Monday, December 10, 2012

Trust me - I run a pyramid marketing scheme

This is a straight tip. I am slow to it - but go read Roddy Boyd's piece at the Southern Investigative Reporting Foundation. It is two weeks old - but hey - its good fun.

And now my review:

Multi-level marketing schemes are a highly profitable business for those running them. If you manage to get two to twenty thousand people selling things to their friends and giving you a cut you are going to get rich.

The road to those riches are laced with the dreams of all the people who hold tupperware or candle parties or even worse - sell weight loss schemes or insurance.

Listed multi-level marketing schemes (such as Nu-Skin) are a really strange investment. The basic proposition is that they offer investors is the claim they have a really profitable businesses conning people out of their money and getting them to cash in their friendships.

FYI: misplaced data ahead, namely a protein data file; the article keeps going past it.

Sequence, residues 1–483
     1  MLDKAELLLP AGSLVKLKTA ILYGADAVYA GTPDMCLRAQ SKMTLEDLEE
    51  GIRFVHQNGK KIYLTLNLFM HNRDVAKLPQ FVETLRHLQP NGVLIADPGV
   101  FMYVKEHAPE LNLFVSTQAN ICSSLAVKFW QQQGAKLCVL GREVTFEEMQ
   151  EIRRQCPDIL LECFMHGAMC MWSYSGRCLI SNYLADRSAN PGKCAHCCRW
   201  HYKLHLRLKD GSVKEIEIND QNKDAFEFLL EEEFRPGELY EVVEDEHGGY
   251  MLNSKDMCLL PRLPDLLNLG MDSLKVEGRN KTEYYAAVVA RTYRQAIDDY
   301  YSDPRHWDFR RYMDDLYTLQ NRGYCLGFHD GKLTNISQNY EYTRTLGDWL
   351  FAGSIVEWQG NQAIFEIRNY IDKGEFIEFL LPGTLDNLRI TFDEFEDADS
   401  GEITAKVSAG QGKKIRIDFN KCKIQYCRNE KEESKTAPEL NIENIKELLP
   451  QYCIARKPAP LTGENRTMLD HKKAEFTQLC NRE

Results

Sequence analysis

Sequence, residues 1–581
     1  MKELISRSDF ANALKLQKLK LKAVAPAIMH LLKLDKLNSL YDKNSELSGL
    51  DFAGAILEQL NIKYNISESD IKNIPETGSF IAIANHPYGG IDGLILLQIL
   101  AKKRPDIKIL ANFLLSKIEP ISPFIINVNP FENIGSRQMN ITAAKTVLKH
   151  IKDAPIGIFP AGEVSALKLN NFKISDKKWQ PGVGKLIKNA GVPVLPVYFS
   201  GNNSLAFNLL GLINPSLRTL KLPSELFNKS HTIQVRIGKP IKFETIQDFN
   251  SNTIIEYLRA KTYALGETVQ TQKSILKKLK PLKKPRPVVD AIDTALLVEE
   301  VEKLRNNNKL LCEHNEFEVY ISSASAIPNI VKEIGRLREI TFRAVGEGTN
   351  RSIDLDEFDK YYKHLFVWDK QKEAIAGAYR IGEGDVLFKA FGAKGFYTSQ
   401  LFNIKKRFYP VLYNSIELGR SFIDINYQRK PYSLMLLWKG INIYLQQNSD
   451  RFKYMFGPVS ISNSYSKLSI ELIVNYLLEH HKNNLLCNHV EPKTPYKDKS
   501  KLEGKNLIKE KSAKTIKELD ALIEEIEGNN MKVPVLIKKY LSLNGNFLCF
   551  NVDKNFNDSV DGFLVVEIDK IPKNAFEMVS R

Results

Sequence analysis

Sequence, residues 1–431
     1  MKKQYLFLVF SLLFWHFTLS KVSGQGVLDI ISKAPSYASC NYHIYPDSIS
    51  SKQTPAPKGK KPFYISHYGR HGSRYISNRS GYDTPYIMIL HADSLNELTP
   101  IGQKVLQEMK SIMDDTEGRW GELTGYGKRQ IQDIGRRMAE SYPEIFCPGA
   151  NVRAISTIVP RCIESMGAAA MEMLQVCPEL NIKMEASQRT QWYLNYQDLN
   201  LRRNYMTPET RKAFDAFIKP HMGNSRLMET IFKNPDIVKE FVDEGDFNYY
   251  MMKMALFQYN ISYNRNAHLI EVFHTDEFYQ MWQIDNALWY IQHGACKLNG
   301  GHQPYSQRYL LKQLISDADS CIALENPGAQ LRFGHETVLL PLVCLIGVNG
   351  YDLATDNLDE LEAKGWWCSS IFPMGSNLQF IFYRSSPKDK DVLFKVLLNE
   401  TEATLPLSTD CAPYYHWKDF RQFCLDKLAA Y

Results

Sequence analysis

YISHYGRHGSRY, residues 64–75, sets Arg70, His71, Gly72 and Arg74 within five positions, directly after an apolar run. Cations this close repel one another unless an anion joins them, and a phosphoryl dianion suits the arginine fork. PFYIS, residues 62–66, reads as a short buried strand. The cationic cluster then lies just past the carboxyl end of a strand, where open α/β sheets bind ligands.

The pitch summarises: I am a crook but you can trust me. I am your crook.

That is a surprisingly common pitch in financial markets. Chinese property developers listed in Hong Kong make the same pitch - but in their case the pitch is that I am a guy with lots of guanxi. I can get a property forcibly acquired from peasants at a deflated price and have it rezoned high rise. And I can thus make a profit. But I don't have the money to develop it - so you - dear Hong Kong investor can help me out. You see I am a crook - but you can trust me. I am your crook.

It rarely ends well. The last person they always screw is the bag-holder with the equity.

Shorting multi-level marketing schemes or for that matter Hong Kong property developers however is an exercise in painful endurance. Stalingrad gets mentioned.

You can even get a real one - one that does distribute some of the loot to shareholders and can survive a long time (Avon, Tupperware). Some of the products even become respectable. [I used to share house with a lesbian Avon lady who was the best sales woman in Australia. And was surprisingly respectable to boot. And she never tried to sell me make-up.]

Spectrum: At one end there is Avon. Cosmetics are a product that overtly sell a dream and it is hard to argue anyone is defrauded.

At the other there is insurance and weight loss products.